Moving to less common methods for characterizing fragments, György Ferenczy and György Keserű (Research Center for Natural Sciences, Budapest) cover thermodynamic profiling in Expert Opin. Drug Disc. After discussing several case studies, they conclude that “thermodynamic quantities are not suitable endpoints for medicinal chemistry optimizations” due to the complexity of contributing factors. This is consistent with another recent paper on the subject (see here), though the information provided is still interesting for understanding molecular interactions.

And although you might have thought the 2017 VAPID publication was the last word on the limitations of ligand efficiency (LE), Pete Kenny has published a splenetic jeremiad on the topic in J. Cheminform. (see also his blog post on the topic, which includes a sea serpent). This is largely a retread of a 2014 article on the same topic (reviewed by Teddy in his inimitable manner here). Pete also describes a more complicated alternative to LE involving residuals, though unfortunately he provides no evidence that it provides more useful information. Pete is of course correct to remind us that metrics have limitations, but assertions that LE “should not even be considered to be a metric” are overwrought.

Chemistry
Two articles discuss virtual chemical libraries. In J. Med. Chem., W. Patrick Walters (Relay Therapeutics) describes efforts to measure, enumerate, and explore chemical space. He notes that false positives could quickly overwhelm a virtual screen of a hundred million molecules, but as we saw earlier this year, progress is being made. Indeed, Torsten Hoffmann (Taros Chemicals) and Marcus Gastreich (BioSolveIT) focus on navigating the vastness of chemical space in Drug Disc. Today. They note that the Enamine REAL Space is up to 3.8 billion commercially accessible compounds, more than double the number of stars in the Milky Way. But this pales in comparison to the 1020 potential compounds in Merck’s MASSIV space. Just storing the chemical structures of these in compressed format would require 200,000 terabytes – and searching them exhaustively is beyond current technology.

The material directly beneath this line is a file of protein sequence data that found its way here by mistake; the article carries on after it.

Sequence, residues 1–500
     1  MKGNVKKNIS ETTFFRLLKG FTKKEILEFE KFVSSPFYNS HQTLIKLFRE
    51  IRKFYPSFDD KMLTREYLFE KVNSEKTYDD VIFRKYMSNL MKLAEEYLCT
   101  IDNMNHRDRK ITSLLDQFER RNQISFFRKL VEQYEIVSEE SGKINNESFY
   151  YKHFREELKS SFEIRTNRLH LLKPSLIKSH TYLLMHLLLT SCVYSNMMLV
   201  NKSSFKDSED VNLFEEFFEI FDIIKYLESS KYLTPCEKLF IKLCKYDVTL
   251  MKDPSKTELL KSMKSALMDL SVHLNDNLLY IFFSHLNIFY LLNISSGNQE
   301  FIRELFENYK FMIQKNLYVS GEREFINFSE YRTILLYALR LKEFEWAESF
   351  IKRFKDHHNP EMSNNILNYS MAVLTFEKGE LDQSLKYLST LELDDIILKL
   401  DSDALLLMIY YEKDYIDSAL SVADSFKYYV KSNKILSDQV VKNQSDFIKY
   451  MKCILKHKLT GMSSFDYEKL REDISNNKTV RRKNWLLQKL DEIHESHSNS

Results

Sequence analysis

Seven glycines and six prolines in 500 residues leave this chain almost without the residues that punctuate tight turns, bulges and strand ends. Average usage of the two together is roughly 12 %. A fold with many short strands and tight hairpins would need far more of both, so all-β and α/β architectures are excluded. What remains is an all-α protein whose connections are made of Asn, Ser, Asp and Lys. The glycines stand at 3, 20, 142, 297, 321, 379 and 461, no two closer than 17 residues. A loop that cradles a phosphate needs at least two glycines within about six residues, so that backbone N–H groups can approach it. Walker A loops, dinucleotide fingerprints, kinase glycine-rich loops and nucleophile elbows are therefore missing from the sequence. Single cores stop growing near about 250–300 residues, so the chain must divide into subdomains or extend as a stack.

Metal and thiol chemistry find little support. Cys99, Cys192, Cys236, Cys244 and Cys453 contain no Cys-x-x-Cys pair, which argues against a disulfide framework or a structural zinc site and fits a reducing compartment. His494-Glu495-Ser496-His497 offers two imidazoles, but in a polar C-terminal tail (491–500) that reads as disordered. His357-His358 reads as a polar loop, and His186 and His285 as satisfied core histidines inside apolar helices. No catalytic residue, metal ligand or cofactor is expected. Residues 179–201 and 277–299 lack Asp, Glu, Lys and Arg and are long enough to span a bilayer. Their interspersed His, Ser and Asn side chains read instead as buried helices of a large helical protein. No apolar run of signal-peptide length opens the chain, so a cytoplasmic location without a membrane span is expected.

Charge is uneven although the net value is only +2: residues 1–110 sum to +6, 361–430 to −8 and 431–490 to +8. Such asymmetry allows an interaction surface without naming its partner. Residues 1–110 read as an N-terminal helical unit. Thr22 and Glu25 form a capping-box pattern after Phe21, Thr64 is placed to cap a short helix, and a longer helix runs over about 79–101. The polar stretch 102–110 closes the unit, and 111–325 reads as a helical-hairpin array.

Ratmir Derda and Simon Ng (University of Alberta) discuss “genetically encoded fragment-based discovery” in Curr. Opin. Chem. Biol. This involves starting with a known fragment that is then coupled to a library of peptides and screened to find tighter binders. The researchers provide a number of case studies, though adding even a small peptide to a fragment will generally have deleterious effects on ligand efficiency. And – Rybelsus not withstanding – oral delivery of peptides is challenging.

Finally, Vasanthanathan Poongavanam, Xinyong Liu, and Peng Zhang, and collaborators at Shandong University, University of Bonn, University of Southern Denmark, and K.U. Leuven review “recent strategic advances in medicinal chemistry” in J. Med. Chem. Among a wide range of topics from drug repurposing to antibody-recruiting molecules is a nice, up-to-date section on target-guided synthesis. As I opined a couple years ago, I still doubt whether this will ever be generally practical, but from an intellectual standpoint I’m happy to see work continue on the approach.

And with that, Practical Fragments says goodbye to the teens and wishes you all a happy new year. Thanks for reading and commenting. May 2020 bring wisdom, and progress.

16 December 2019

Fragments in the clinic: S64315 / MIK665

Earlier this year we highlighted the discovery of AZD5991, a phase 1 compound from AstraZeneca that inhibits the anti-apoptotic cancer target Mcl-1. Those efforts made use of a fragment previously published by a different research group. Mcl-1 has been a popular target for some time; the first mention on Practical Fragments dates to 2010. The story behind another investigational drug is described in a couple papers from earlier this year.

The first, in ACS Omega by Rod Hubbard and colleagues at Vernalis, University of York, and Servier, describes fragment screening efforts against both Bcl-2 and Mcl-1. The proteins are related both structurally and functionally, and Bcl-2 is the target of venetoclax – the second fragment-derived drug approved. Some of the early fragment hits bound to both proteins, but selective and potent inhibitors were ultimately developed. In the interest of space only those against Mcl-1 will be discussed here.

Both proteins required considerable protein engineering, which is described in detail. Ultimately one form of human Mcl-1 was used for crystallography, while mouse protein was used for NMR screening due to its better stability. A total of 1064 fragments were screened at 0.5 mM each (in pools of eight) using ligand-observed NMR; 39 confirmed using STD NMR, WaterLOGSY, and CPMG. Additionally, fluorescence polarization, 2-dimensional (HSQC) NMR, ITC, and SPR were used to validate hits. Crystallography proved challenging in the beginning but ultimately helped drive optimization of more potent molecules. The large number of different assays employed is consistent with our recent poll results.

Protein-observed NMR was particularly useful in providing information on the quality of both the ligand and protein (reminiscent of the “validation cross” discussed here). Before crystallography was able to play a meaningful role, “NMR-guided models,” combining partial protein assignments with flexible docking, were used to drive SAR.